Meet the beetles

Invasive species spotted in Post Falls; agriculture officials ask for help

Print Article

Have you seen me? The State Department of Agriculture reports an increased amount of Japanese beetles in Idaho, an unwanted guest in the Gem State.

Sometime in or before 1916 it came to the United States as a hitchhiker, nestled in the soil of some potted plants.

Perhaps someone smuggled them on board intentionally - who's to say?

But at some point around 1916 the Japanese beetle, with its shiny metallic green shell, left its home island and crossed the ocean to immigrate to America.

Nearly a century later, the crop and flower-eating insects have flocked to Kootenai County for the first time.

Not that the Idaho State Department of Agriculture is thrilled about the new arrival.

It's the opposite, in fact

"We're a little more than alert," said Mike Cooper, bureau chief in the department's plant division, on what could be Idaho's newest problem - possible infestation. "I'd say we're concerned."

The insect, quite frankly, is a pest, according to the department.

The USDA looks down on the Japanese beetle too, working with commercial flights and delivery companies Fed Ex and UPS at ports back east to inspect for the intruder.

Despite these efforts, the Japanese beetle has worked its way west, including Idaho.

"It's when you start catching dozens, you start to worry," said Cooper, which is exactly what started happening around Boise earlier this month. "That kind of raises an eyebrow."

The beetle has always been spotted - and trapped - in southern Idaho singly or by pairs since the early 1990s. No big deal when they show up in spots, in low numbers. But earlier this month they've caught two dozen, more in the last two weeks than they have in 25 years.

And for the first time up north, as two were trapped in Post Falls recently. Cooper didn't know the exact location except that it was on commercial property near Interstate 90.

"When a population gets going, they'll get going by the thousands," Cooper said.

Which is what the concern is.

What does the beetle - about a half inch long with copper-brown wing covers atop its green coat and white stripes on the side - do?

Eats and destroys lots of things.

It has around 300 hosts, including trees, rose bushes, flowers, stonefruits, and garden and field crops. They leave holes and skeletonized leaves. The larvae, or grubs, live under the soil surface and destroy patches of turf by feeding on roots of grass. When they eat in numbers, they can wipe out entire plots.

Asked if they provide any benefit, Cooper said: "None that I know of."

But the state isn't sounding the infestation alarm yet. It hasn't noticed crop damage. But the department is setting multiple specially-designed traps in the isolated areas to try and get a better gage of the numbers.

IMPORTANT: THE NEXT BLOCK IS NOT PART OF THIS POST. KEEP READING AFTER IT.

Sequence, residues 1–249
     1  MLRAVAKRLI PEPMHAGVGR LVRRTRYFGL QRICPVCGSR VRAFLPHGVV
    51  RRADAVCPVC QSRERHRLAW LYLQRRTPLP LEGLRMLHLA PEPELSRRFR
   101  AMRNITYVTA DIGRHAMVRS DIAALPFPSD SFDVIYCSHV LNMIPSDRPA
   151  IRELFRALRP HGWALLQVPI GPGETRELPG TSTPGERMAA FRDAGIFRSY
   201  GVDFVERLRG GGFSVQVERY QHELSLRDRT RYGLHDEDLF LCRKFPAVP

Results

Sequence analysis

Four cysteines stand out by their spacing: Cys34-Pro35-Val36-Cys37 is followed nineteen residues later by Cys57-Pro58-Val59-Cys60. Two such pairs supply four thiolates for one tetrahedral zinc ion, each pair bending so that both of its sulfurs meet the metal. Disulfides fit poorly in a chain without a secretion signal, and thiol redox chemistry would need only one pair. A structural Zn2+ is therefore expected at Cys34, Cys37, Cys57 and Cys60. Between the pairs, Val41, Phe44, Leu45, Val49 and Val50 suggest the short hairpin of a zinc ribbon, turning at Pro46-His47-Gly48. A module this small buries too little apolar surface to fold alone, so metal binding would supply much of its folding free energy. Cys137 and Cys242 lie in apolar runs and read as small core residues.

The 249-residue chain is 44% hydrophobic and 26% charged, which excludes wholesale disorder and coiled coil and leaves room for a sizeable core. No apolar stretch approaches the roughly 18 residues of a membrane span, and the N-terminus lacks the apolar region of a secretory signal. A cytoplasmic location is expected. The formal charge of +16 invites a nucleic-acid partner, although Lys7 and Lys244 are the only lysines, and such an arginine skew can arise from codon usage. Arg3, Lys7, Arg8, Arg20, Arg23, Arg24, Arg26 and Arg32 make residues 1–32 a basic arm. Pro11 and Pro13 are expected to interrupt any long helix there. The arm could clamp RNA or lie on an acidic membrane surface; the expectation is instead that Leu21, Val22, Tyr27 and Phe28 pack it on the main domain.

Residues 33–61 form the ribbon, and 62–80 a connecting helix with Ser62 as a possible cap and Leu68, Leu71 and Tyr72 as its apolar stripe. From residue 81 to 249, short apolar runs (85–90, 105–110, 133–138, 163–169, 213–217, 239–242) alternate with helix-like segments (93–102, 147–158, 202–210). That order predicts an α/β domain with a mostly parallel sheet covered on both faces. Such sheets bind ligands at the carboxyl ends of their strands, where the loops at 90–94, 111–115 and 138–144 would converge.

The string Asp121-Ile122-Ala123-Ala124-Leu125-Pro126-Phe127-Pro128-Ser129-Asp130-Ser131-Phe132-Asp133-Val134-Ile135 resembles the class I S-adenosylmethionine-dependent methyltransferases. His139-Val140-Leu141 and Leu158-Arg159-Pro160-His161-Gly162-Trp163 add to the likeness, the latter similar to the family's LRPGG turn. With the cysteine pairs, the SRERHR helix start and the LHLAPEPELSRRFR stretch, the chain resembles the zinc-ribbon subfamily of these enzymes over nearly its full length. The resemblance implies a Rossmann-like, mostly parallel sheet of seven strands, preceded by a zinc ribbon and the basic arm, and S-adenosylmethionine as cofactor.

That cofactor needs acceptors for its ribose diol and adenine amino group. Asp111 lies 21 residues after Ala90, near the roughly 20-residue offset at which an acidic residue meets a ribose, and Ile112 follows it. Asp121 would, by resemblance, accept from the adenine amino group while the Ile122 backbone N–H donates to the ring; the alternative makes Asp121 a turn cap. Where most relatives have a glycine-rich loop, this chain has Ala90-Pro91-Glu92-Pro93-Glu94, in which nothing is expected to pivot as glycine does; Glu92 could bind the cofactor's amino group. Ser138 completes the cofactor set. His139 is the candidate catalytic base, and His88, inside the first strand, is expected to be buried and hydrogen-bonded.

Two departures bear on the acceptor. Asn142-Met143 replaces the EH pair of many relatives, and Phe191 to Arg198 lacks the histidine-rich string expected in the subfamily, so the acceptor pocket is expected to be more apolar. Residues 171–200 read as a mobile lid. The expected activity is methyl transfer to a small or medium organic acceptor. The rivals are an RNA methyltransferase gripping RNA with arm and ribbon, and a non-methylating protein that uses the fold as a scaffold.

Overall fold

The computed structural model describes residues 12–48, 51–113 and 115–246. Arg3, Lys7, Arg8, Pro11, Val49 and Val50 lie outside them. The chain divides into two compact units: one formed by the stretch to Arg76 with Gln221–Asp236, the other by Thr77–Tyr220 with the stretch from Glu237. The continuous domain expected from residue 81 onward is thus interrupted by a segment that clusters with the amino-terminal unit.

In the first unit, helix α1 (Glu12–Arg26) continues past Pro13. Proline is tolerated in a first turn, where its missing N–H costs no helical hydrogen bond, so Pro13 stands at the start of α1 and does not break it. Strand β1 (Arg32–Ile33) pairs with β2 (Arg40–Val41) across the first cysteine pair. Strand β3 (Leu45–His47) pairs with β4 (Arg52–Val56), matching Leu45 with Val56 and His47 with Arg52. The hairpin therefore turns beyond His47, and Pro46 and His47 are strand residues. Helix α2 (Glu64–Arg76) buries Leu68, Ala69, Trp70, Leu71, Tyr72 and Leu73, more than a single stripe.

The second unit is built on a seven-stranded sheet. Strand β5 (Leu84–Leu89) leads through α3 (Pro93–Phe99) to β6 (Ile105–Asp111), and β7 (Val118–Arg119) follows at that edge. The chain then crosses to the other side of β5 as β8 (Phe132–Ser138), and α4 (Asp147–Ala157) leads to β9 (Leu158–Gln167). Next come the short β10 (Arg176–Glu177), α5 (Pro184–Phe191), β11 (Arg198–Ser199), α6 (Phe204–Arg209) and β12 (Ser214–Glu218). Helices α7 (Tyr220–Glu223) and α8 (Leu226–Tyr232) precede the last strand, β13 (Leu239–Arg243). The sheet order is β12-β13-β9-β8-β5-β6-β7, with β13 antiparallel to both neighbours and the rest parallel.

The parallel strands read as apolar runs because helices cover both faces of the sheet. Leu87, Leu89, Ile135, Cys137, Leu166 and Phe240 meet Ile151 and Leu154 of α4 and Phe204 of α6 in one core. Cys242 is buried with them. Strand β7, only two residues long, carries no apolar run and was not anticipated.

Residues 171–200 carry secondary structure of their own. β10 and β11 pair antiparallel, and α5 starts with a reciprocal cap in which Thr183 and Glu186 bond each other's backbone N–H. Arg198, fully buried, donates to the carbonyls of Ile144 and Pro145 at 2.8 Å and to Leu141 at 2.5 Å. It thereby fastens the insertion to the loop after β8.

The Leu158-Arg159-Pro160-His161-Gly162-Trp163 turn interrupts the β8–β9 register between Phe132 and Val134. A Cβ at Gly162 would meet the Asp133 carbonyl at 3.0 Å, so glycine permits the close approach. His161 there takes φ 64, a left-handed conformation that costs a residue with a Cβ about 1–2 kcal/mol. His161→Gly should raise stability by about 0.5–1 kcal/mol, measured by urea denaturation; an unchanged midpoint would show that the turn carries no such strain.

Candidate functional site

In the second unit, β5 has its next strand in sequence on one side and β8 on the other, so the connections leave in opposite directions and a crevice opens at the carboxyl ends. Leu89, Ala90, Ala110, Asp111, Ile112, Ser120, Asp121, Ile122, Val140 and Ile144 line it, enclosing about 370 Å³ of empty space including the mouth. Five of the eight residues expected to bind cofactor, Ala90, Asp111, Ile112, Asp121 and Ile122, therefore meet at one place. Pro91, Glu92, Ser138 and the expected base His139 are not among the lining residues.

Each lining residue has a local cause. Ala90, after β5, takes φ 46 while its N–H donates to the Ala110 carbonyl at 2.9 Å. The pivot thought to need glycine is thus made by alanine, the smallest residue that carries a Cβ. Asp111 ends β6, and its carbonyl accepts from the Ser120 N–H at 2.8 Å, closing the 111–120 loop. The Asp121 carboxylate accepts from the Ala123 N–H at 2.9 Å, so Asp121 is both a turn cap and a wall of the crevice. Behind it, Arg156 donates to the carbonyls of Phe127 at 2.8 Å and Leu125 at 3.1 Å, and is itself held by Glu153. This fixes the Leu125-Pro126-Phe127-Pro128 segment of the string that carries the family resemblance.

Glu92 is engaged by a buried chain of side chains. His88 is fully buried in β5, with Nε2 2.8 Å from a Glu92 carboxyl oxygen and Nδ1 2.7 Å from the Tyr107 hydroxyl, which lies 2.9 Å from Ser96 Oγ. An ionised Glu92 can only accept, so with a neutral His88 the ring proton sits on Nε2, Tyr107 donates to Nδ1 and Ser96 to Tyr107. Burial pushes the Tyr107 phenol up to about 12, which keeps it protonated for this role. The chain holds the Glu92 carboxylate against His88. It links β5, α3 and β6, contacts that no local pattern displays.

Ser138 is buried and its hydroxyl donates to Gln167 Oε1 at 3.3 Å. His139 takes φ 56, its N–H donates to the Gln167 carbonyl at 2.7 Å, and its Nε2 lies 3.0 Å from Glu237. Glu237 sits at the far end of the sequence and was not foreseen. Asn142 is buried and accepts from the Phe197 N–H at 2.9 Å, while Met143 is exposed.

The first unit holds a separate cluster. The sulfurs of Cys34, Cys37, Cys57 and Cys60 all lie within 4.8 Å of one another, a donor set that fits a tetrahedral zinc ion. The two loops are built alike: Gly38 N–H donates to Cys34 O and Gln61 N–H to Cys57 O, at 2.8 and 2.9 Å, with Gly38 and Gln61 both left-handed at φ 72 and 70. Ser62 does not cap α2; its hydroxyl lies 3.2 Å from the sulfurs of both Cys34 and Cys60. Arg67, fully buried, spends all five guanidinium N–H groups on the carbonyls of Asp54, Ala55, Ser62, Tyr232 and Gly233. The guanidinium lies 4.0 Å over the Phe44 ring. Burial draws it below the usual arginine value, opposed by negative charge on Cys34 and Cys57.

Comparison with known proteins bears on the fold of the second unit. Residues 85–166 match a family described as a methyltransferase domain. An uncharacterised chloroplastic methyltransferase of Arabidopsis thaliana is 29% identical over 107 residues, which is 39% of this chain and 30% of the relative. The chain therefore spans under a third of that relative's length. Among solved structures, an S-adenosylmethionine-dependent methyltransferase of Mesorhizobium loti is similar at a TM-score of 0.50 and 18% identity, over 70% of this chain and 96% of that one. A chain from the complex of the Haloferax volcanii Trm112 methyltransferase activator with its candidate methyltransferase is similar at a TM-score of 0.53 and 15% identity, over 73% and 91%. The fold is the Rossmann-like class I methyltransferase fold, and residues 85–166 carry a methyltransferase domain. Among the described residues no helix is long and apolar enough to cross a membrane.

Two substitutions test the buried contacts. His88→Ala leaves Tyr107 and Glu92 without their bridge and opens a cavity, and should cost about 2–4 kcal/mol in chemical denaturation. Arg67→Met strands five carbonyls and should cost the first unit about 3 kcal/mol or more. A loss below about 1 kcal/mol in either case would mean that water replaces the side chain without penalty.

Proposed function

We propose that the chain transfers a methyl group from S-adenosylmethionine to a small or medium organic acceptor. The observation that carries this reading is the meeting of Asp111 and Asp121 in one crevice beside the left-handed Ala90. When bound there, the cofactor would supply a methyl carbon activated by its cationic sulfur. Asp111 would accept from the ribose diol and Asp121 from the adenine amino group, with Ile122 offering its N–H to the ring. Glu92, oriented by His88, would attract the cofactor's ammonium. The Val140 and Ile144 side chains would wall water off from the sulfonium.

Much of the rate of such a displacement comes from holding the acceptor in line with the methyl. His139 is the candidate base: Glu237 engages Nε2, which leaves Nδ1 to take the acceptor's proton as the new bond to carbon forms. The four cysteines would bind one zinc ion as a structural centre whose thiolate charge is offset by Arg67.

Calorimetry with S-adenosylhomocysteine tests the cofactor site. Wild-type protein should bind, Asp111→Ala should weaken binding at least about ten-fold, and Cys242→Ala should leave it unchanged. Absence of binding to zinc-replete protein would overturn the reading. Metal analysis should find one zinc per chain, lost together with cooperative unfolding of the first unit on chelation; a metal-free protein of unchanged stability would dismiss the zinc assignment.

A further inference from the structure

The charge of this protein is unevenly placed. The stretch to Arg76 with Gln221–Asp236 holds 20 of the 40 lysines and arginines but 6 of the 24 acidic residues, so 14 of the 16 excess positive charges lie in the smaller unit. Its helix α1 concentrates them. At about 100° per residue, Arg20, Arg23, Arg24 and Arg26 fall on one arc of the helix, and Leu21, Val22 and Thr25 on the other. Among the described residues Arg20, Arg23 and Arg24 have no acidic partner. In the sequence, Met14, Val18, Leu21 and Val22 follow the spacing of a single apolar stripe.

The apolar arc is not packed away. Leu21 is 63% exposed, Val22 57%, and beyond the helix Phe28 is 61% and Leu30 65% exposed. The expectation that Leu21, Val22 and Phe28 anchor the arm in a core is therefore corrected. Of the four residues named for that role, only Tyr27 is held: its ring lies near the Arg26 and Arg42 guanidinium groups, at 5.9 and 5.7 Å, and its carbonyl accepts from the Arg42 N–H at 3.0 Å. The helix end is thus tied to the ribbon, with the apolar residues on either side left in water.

It is suspected the beetles migrated from the East Coast, because the east had a swell in numbers last year. The beetles need moist soil to live, however, and because the Midwest is suffering from drought, the state doesn't expect them to survive a cross-country journey this year - so if they can trap the ones already here, the population might not grow.

If you suspect you have found a Japanese beetle, seal a dead specimen or two in a sandwich bag and mail in a regular envelope to: Idaho State Department of Agriculture, Plant Industries Division, P.O. Box 790 Boise, ID 83701 and include your name, address and phone number, or call (208) 332-8620 to report the possible find.

Print Article

Read More Local News


May 29, 2017 at 5:00 am | Coeur d'Alene Press HAYDEN Gary Brennecke said that, during his career with the United States Postal Service, he regularly raised and lowered American flags. But, until recently, the now retired Brennecke had always...


Read More

Post Falls to address city center parking

May 29, 2017 at 5:00 am | Coeur d'Alene Press By BRIAN WALKER Staff Writer POST FALLS As more businesses explore locating to Post Falls' city center, the lack of adequate parking has become an issue the city hopes to address. The City Cou...


Read More

Many ways to honor fallen heroes today

May 29, 2017 at 5:00 am | Coeur d'Alene Press Memorial Day is a day of remembrance for those who gave it all to secure the freedoms we enjoy today. Sacrifice is meaningless without honoring those who gave so much, and here in this veteran-friend...


Read More

A Vision to help kids read better

May 28, 2017 at 5:00 am | Coeur d'Alene Press Art projects lined the tables spread across the gymnasium in Bryan Elementary School. The projects acted as centerpieces while parents and their children ate breakfast and read together at the annual...


Read More

Contact Us

(208) 664-8176
215 N. Second St
Coeur d'Alene, Idaho 83814

©2017 The Coeur d'Alene Press Terms of Use Privacy Policy